What we asked is this: Is it reasonable to believe that vital congregations (a state that we acknowledge we can’t fully define) would tend over time (five years) to exhibit positive trends in these reported statistics? We are easily persuaded that there are surely many additional attributes and fruits, but would a good collection of factors tend to ALSO include this available information?  We concluded that the answer is yes and that these statistics represent a reasonable and useful set of indicators that we can begin with. They are not complete, they do not include all we want to know, but they provide a useful, available and practical starting place.  In that way, the indicators listed in the Towers Watson research report became "proxies" for signs of vitality. They are not synonymous with vitality, they are not at all the sum total of the fruits of vitality, but they are clues and point to vitality.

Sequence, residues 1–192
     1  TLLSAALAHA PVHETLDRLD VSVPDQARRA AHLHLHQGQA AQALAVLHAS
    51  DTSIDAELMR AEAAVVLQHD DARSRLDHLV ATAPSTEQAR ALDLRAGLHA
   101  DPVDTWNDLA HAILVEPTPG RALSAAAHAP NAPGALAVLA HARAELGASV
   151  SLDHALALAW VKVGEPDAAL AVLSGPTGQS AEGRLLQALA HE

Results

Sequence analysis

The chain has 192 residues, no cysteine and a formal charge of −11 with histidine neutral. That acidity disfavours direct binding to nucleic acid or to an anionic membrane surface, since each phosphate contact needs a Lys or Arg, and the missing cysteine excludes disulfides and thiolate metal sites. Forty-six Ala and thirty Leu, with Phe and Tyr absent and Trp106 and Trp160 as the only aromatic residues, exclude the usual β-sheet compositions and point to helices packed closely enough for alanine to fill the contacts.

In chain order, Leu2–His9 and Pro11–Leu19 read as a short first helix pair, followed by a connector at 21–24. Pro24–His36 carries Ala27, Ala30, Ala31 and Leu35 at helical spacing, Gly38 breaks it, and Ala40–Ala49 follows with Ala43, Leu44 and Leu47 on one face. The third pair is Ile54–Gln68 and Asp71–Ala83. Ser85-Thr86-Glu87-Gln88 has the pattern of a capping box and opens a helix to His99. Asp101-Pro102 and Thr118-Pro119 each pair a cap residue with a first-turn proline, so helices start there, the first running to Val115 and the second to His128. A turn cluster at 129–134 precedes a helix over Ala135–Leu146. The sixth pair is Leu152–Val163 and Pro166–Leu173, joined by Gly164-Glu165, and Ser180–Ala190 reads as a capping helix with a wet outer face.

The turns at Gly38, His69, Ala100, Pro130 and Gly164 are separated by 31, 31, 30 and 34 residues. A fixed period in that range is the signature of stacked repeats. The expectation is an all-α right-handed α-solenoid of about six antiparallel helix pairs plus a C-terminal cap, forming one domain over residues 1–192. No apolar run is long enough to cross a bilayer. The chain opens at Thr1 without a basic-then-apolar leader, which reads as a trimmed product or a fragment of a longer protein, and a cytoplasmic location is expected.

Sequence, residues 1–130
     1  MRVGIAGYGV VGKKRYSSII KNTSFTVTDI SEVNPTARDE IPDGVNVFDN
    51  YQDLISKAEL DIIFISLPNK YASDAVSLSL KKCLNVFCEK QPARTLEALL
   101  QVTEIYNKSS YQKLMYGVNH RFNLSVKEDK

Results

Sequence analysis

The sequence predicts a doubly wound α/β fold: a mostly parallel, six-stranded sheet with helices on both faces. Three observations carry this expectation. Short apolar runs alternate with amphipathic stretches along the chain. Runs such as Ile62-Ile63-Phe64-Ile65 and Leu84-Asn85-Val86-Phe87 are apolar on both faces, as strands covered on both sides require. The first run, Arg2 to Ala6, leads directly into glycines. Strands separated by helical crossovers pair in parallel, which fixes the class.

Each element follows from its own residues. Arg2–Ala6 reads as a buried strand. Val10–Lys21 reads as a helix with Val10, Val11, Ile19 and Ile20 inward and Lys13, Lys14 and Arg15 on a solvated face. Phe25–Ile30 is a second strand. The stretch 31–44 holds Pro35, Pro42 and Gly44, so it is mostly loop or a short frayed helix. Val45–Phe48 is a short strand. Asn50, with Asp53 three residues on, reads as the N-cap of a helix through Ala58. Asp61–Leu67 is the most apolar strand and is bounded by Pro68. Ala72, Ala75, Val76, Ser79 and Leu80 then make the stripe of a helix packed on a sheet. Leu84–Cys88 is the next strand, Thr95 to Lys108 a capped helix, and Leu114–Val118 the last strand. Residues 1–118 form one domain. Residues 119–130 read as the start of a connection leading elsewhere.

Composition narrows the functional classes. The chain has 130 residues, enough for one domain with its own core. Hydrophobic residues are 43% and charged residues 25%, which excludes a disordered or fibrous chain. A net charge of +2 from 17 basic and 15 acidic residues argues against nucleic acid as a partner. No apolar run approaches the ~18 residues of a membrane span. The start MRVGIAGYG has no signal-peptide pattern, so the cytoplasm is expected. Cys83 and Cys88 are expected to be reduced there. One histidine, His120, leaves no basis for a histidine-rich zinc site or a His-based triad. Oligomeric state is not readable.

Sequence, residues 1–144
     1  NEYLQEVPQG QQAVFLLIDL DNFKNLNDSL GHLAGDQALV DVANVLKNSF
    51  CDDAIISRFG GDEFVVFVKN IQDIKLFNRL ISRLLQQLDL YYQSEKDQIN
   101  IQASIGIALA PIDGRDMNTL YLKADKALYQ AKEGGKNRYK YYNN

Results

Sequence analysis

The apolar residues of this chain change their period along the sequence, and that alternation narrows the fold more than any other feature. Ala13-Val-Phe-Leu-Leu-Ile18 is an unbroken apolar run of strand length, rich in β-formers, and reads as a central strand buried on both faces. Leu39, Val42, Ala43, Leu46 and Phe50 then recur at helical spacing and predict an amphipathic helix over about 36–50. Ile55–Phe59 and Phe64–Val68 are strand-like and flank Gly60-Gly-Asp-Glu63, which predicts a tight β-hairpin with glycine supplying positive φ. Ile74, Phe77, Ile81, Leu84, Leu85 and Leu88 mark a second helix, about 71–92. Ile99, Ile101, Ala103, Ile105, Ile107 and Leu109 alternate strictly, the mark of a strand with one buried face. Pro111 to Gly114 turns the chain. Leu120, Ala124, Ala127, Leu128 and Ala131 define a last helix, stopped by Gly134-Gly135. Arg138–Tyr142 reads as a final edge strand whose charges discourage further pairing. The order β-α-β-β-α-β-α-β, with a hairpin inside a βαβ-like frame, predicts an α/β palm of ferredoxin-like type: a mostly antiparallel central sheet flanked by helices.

One of the recommendations is that a good deal more research needs to be (continually) done and the implications pursued over time to determine what are the better/best indicators that would help us spot and understand the holy mystery of the nature of vitality– and that we should be vigorously and persistently collecting, reporting and discussing the implications of that information.  But that’s work for later today and tomorrow. What we set out to do "in the moment" we had was to use already available information to help us get at some important findings we could start with.

What we learned through mining thousands of points of data for 33,000 congregations (an activity that some find inherently offensive because it presumably credits objective over subjective information — and so I note for the record here that we see this as a tool and not "the answer;" a tool that must be used side-by-side with other tools, some of which look a lot more like "art" than "science.") that there are behaviors that are found prominently and repeatedly in churches that trend up over time in the key indicators (professions of faith, worship attendance, benevolent giving, etc.).